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Nearly 150 people showed up at Milltown State Park last Saturday to bask on the banks of the fabled confluence. Some toted tubes, others simply strolled along the Clark Fork. Montana State Parks and the nonprofit Friends of Two Rivers teamed up to host a barbecue. The Clark Fork Coalition rekindled its long-dormant Milltown-to-Downtown Float. Everyone arrived to enjoy a single day of something that's pretty much a given everywhere else in Montana: public access.

For more than five years now—since the removal of the Milltown Dam—the confluence has been closed to all but a select few. The reason is pretty obvious: It's a Superfund site, a toxic mess left behind by Montana's copper kings. Millions of dollars have been poured into cleanup and restoration. Train car after train car of tainted sediment has disappeared upriver to Opportunity. And the Clark Fork finally opened to river traffic past its meeting point with the Blackfoot this spring, an event many welcomed with a sense of closure.

Yet Milltown State Park itself remains closed. There's no parking lot, no ranger station and a final site plan is still on the horizon. Save for one day last weekend, the park continues to spark frustration among officials and locals.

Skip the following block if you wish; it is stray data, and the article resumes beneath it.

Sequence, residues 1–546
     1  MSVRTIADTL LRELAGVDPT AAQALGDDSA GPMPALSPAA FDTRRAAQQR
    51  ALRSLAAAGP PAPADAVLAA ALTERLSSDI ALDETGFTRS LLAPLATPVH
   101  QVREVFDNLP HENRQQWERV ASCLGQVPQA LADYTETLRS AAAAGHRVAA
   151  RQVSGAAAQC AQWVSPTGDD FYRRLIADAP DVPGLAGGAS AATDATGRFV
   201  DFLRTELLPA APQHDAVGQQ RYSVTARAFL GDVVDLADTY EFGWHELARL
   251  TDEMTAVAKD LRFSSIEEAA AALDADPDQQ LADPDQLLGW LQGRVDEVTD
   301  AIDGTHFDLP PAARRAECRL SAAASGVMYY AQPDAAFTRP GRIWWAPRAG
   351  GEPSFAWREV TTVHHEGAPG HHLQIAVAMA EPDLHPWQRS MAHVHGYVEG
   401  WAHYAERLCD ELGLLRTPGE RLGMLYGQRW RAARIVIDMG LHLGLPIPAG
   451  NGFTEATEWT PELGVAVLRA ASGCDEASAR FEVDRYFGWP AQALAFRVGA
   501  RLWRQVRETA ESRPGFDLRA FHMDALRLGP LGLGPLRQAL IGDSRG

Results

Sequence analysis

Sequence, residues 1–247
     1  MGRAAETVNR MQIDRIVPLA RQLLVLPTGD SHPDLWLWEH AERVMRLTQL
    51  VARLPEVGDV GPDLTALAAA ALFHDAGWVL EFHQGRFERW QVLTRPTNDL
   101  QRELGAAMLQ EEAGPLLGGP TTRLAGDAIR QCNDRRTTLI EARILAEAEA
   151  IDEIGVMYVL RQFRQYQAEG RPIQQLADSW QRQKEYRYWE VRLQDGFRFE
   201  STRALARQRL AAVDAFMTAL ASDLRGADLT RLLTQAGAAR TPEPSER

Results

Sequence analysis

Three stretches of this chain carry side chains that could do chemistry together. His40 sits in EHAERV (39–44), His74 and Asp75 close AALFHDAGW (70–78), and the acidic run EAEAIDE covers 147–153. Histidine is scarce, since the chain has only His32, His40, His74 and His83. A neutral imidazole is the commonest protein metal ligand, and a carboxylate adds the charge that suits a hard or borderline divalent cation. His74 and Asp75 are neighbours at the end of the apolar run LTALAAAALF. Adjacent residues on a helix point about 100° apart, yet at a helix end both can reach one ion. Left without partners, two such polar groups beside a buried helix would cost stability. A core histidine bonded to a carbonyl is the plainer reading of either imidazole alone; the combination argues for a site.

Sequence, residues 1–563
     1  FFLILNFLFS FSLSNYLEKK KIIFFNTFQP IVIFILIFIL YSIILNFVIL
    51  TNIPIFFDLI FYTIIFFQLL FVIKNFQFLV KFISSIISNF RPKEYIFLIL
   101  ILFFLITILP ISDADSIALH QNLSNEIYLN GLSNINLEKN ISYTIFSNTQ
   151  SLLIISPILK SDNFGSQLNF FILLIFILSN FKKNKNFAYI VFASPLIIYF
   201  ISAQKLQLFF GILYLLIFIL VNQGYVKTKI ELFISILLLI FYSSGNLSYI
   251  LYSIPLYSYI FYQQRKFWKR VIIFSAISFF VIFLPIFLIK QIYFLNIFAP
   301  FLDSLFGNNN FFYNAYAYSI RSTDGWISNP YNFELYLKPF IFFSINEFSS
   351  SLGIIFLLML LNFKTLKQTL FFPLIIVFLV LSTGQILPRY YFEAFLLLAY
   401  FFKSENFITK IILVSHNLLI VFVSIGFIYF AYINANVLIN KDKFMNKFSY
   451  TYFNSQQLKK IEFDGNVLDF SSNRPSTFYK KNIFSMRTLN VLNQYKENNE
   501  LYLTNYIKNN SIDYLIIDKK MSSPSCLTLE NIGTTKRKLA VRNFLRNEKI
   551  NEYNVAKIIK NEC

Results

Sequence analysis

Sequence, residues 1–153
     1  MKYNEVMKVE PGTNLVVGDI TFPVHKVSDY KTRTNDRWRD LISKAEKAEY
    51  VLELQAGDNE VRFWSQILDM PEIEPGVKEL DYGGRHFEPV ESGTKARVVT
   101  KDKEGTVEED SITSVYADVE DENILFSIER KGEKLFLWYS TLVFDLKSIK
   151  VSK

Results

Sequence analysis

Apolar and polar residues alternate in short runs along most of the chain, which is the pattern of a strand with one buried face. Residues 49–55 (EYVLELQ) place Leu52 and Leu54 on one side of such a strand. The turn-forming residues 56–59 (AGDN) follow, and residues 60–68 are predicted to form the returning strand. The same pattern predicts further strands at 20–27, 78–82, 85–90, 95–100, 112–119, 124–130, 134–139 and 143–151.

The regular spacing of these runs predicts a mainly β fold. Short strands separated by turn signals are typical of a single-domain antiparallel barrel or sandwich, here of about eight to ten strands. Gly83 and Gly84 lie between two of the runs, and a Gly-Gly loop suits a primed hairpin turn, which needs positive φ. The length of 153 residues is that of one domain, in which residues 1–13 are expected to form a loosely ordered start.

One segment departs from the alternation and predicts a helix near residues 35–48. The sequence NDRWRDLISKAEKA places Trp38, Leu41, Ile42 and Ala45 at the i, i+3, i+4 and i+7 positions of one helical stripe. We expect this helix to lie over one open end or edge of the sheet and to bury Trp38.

"In the spring, I had a few requests from folks who wanted to host other events out there," says Milltown State Park Manager Mike Kustudia. "I kindly but firmly said no, we're just not prepared for it. It was a big deal for us to be able to host this, because I had to bring in help from other parks to make sure it was staffed properly."

As state park manager, Milltown State Park is Kustudia's baby. He understands the frustrations, as well as the anticipation. He spent most of Saturday giving tours and explaining what it will look like when it opens, hopefully next year.

But the one-day-only teaser could come at a risk. By allowing the public brief access to the site, Kustudia says there was some fear of people forgetting or even ignoring the fact that it's still closed. "We had long discussions about it, like, 'Won't people think it's open, or want to be in there all the time?' Hopefully people understand ... we're still working on getting things developed."

More than 100 people have now visited the future park. Odds are they're thirsting for a return already, along with anyone who didn't attend. Kustudia gets it. "We're going to get there," he says. "It's been an exercise in patience for me, too."

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